The other stuff seems pretty questionable too.  Choice is good, of course, but are rules really better than regulations?  If you're talking about an institution people generally like (say, schools), then maybe the softer sounding rules is better.  But if you're talking about something that people loathe, like insurance companies, wouldn't they rather hear that you're putting in some toughminded regulations?  Something that really bites?  And what's wrong with competition and universal?  Those are nice, strong words that really say something.

The guys who created this list have focus groups on their side, and I don't.  So maybe they're right.  But it looks to me as if their main contribution has been to sand off the edges of the language so much that they're practically lulling everyone to sleep.  I understand they're trying to avoid scaring people, but you need to inspire them as well.  You need to appeal to their emotions.  You need to fire them up not just to accept change, but to demand it.  Language as relentlessly technocratic and boring as this doesn't do the job.

Four More Years

| Mon Aug. 24, 2009 8:49 PM EDT

President Obama announced today that he plans to renominate Ben Bernanke for a second term as Fed chairman.  That's change we can believe in!

Healthcare, Steele Style

| Mon Aug. 24, 2009 5:49 PM EDT

RNC chairman Michael Steele unveiled his party's latest appeal to senior citizens today.  I've edited it slightly to save you some time:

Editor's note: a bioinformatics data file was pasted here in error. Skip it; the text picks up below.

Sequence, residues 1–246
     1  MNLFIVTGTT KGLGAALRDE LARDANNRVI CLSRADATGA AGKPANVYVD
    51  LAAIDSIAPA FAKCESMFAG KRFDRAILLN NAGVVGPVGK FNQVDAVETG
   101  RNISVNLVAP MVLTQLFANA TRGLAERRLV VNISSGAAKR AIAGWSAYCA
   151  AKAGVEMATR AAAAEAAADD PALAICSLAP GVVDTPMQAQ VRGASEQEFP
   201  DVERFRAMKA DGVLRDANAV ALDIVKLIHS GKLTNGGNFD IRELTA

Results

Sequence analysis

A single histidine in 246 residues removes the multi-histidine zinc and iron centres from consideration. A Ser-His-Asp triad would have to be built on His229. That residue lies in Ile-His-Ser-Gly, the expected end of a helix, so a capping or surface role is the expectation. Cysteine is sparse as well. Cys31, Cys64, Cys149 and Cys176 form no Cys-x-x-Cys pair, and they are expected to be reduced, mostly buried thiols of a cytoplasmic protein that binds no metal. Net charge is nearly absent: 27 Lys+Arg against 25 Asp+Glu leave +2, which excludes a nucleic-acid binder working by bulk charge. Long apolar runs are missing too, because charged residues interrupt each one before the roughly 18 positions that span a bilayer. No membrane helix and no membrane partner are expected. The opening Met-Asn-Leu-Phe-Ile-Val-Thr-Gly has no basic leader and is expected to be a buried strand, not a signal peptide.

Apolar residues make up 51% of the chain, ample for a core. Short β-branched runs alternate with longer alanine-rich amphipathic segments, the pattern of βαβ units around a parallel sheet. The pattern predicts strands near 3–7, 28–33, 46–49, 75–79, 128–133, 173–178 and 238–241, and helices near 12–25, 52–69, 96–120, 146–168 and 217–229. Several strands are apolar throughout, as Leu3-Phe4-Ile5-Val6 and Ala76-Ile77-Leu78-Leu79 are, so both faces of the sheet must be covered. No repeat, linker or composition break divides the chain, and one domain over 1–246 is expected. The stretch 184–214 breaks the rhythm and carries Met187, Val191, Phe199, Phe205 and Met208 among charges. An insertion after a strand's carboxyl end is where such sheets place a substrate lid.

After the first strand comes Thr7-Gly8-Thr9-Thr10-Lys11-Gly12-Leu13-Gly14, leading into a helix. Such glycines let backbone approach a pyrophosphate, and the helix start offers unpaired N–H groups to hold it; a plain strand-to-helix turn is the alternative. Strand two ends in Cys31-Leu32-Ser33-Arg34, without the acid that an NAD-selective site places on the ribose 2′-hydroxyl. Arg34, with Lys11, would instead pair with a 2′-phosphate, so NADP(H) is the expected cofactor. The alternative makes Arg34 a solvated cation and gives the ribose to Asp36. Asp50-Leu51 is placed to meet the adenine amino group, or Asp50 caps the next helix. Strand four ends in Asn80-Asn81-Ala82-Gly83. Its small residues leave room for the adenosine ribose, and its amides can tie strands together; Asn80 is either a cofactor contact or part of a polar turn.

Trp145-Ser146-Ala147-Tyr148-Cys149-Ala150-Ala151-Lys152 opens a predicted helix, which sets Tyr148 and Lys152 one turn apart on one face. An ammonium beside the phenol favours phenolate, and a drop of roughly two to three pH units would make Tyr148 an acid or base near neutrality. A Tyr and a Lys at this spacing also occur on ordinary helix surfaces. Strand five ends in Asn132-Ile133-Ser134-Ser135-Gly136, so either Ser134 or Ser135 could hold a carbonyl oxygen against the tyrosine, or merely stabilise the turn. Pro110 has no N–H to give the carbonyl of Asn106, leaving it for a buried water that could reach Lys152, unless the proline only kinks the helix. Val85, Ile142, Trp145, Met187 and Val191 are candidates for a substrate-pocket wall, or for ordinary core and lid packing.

Democrats are promoting a government-run health care experiment....The Democrats’ government-run health care experiment....The Democrats’ government-run health care experiment....The Democrats’ government-run health care experiment.... their government-run health care experiment.

Steele, it turns out, really really loves Medicare.  He just hates government-run healthcare programs.  Or something.  Hard to say, really.  For the most part, he's just repeating the standard Republican schtick: if Dems leave Medicare alone, scream about how they're bankrupting the country; if they propose ways to increase efficiency, scream about how they're trying to ration care.  Steele's embarrassingly gushy paean to Medicare comes from the latter school.

As it turns out, though, this is too raw even for some of the folks over at NRO.  "Such blatant finger-in-the-wind leadership from the RNC is disappointing," says Robert Costa.  And the response from AARP was entertaining too: "AARP agrees with Chairman Michael Steele’s goals for reforming our health care system, and we are pleased nothing in the bills that have been proposed would bring about the scenarios the RNC is concerned about."  Their press release went on to explain that they support pretty much everything Obama has proposed.  And Roy Blunt's former chief of staff twittered: "RNC Chair Michael Steele is an idiot. Past time for him to go."  Though, in fairness, that was about Steele dissing Blunt on the radio this morning, not about healthcare.

For Michael Steele, it was just another day at the office.  He's the gift that keeps on giving.

Mass Market Crankery

| Mon Aug. 24, 2009 2:11 PM EDT

Ezra Klein comments on Howard Kurtz's lament that even though the mainstream media debunked the "death panel" nonsense, it took hold anyway:

It is true that Palin's statements eventually got fact-checked. The New York Times, in particular, spoke clearly and forcefully, albeit well after the controversy had begun dominating the coverage. But the world is full of lies. There aren't enough reporters on the planet to fact-check them all. That's okay, as most lies aren't reported. Stories about the Obamas heading to Martha's Vineyard do not have to contend with stories about a crank who thinks they're really heading to a secret rejuvenation chamber in the Himalayas.